Drive down Brookside Drive in Smithtown and you’ll pass a new constructed, six-bedroom ranch with a “welcome” sign firmly planted in the ground by the front door. Enter and you’ll find eight children inside ranging in ages from two through 13 years. Read More
Tuesday, July 26th, 2005
Monday, June 20th, 2005
Books to Raise Funds – Anthony Morrone, right of Kings Park, displays the covers of his new book, “Born Under A Lucky Star,” with Roberty Policastro, left, executive director of “Angela’s House” in Hauppauge and East Moriches. Profits from the book will benefit “Angela’s House.” For more information call 979-2620.
Thursday, June 12th, 2003
Almost three years after the first “Angela’s House” was built in East Moriches for medically frail, technology dependent children, a second house was purchased in Smithtown, which will be rebuilt to accomodate seven children and keep them close to home. Read More
Saturday, June 7th, 2003
Two-year-old James Andrew Bonneville tends to stop breathing in the middle of the night.
It’s one illness in a list of many that has forced his mother to quit her job, live on four hours of sleep, split time with her other children and turn in desperation to what she sees as the family’s only salvation – a home for medically fragile, technology-dependent youngsters scheduled to open this year in Smithtown. Read More
Thursday, January 23rd, 2003
When Angela Frances Policastro was born with severe brain damage in 1989, her parents, Bob and Angie, soon realized that their daughter’s complex medical needs went beyond what they could administer at home.
But after failing to find a Long Island nursing facility capable of caring for their newborn, the Hauppauge couple was forced to place their daughter in a special care hospital in New Britain, Conn. At the same time, the Policastros launched a furious campaign to establish a local health care facility specifically designed for children who are dependent on medical technology for survival. Read More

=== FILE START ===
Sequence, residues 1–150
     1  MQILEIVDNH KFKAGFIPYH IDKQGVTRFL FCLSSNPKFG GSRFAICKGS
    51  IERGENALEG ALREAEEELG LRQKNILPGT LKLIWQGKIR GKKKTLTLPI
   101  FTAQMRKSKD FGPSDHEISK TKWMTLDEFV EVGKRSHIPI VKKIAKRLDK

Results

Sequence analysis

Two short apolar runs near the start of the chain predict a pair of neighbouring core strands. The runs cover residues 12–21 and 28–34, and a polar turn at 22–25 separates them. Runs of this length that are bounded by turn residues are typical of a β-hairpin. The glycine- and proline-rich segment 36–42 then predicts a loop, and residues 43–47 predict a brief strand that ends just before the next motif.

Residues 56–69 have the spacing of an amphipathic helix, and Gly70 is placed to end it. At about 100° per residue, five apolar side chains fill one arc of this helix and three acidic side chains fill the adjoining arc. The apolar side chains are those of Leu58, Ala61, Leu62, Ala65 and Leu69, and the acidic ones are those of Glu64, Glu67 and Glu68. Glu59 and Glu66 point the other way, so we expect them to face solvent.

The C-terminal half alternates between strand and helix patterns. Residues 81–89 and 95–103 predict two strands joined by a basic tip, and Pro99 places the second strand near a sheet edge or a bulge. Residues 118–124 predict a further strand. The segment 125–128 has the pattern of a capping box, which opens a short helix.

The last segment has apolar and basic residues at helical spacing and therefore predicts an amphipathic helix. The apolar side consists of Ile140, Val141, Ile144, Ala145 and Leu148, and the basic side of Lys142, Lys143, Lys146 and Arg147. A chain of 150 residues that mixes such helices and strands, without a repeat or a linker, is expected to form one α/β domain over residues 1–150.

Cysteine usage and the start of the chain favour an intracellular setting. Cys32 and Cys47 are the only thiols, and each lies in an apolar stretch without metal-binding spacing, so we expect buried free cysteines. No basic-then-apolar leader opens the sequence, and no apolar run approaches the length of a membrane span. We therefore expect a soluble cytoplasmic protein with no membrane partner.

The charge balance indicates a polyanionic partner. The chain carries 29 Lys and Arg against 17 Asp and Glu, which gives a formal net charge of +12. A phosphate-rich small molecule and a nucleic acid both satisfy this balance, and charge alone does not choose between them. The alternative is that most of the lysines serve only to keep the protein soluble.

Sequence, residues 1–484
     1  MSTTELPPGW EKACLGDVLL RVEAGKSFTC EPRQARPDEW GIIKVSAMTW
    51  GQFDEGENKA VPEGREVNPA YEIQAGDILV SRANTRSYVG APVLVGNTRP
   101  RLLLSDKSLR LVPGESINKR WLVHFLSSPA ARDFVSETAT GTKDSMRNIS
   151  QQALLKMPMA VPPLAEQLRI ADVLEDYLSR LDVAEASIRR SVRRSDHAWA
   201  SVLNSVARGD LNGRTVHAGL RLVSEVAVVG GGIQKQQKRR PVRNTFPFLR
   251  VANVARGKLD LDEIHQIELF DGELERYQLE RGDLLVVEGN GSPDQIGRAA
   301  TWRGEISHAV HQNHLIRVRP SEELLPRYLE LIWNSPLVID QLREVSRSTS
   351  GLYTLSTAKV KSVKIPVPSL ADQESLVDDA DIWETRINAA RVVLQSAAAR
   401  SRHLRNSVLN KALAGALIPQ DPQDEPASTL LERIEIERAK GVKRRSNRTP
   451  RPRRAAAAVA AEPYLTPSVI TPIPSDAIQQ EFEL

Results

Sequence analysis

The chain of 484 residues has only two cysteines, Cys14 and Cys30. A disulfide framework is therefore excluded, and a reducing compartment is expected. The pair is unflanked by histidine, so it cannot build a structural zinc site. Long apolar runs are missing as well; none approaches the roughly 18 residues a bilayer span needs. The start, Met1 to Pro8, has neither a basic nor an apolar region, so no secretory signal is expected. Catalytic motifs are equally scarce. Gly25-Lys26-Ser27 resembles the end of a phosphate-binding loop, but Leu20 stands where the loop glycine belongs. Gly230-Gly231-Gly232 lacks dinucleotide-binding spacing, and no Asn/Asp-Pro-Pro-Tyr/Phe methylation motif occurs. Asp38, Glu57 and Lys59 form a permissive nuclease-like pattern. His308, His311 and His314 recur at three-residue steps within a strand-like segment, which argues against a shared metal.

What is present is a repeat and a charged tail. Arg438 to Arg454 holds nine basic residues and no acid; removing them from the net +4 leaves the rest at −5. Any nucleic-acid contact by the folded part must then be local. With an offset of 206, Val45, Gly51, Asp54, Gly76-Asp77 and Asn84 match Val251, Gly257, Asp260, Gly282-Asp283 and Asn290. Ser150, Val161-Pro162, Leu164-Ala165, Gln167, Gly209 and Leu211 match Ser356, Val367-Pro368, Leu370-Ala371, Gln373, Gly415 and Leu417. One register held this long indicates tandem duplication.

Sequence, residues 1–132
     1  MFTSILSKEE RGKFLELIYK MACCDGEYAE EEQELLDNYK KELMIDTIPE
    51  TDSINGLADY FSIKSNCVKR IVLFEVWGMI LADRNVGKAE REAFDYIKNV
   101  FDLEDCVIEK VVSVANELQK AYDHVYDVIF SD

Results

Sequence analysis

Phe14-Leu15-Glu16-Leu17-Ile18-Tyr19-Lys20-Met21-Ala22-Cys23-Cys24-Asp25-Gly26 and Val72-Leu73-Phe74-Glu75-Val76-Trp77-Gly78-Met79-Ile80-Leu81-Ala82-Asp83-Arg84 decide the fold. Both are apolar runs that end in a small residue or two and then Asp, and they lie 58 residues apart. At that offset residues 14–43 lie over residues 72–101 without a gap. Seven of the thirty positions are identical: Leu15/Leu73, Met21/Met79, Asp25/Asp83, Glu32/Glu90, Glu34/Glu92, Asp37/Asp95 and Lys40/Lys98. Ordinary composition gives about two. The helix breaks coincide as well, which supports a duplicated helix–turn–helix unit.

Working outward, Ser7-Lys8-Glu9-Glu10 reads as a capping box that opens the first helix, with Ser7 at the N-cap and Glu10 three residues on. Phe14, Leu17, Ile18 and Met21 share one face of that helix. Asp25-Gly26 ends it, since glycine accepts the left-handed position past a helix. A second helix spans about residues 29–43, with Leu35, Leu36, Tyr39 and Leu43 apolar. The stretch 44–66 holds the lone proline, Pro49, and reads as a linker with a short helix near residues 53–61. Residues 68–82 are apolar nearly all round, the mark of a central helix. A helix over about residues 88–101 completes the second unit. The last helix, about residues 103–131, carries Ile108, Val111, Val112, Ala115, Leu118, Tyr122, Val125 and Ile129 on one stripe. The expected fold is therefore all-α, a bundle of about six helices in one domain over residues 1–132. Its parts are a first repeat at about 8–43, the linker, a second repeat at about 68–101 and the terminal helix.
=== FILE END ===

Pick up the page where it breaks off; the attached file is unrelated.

Friday, January 3rd, 2003
Driving along Montauk Highway in East Moriches, there’s a friendly-looking yellow home just off the road near the bypass. It seems like any other except for the charming sign identifying it as “Angela’s House.”
Inside, first glance reveals a typical home, extremely welcoming. The walls are adorned with murals, boasting bright colors and cute animals. A Christmas tree lights up a corner of the living room. Playground equipment dominates the backyard. Read More
Tuesday, November 26th, 2002
Angela Frances Policastro, all 8 pounds, 9 ounces of her, slipped silently into the world on a Wednesday afternoon 13 summers ago. “She was blue, very blue,” said her father, who was watching his daughter’s delivery.
The mother was awake in the delivery room at Good Samaritan Hospital in West Islip. “I was thinking, of course, that I had the perfect baby,” Angie Policastro said the other day at home in Hauppauge. “I ate perfectly during my pregnancy. I wouldn’t even eat cream cheese because it has preservatives in it. Then Angela was born.” Read More
Saturday, November 9th, 2002
After Bob Policastro’s 13-month-old daughter, Angela, died more than a decade ago from brain-damage, he decided to devote his life to helping medically frail children.
Now Policastro, the founder of Angela’s House in East Moriches, the only house on Long Island that cares for brain-damaged children 24 hours a day, will be able to further his mission. He was given a $100,000 grant from the UPS Foundation Friday to build a respite home. Read More
Thursday, July 20th, 2000
“Angela’s House,” the first of its kind group home in Long Island, was dedicated on Friday, June 30, by Independent Group Home Living (IGHL) at 165 Montauk Highway, East Moriches, New York, 11940.
The residence will provide housing for seven medically-frail and technology-dependent children from Long Island, ages three to eight. The families have battled with distance, traveling to homes or hospitals upstate to see their children. As of now, they will be able to have their children much closer to home. Read More
Sunday, July 16th, 2000
After their daughter Angela was born severely brain damaged 11 years ago, Robert and Angie Policastro searched for a nursing facility near their home in Hauppauge that could care for her.
The closet nursing center with room for their daughter was in New Britain, Conn., a 2 1/2 hour drive from their home. Angie, 40, said their only placement option was in Albany, which was even farther away. Read More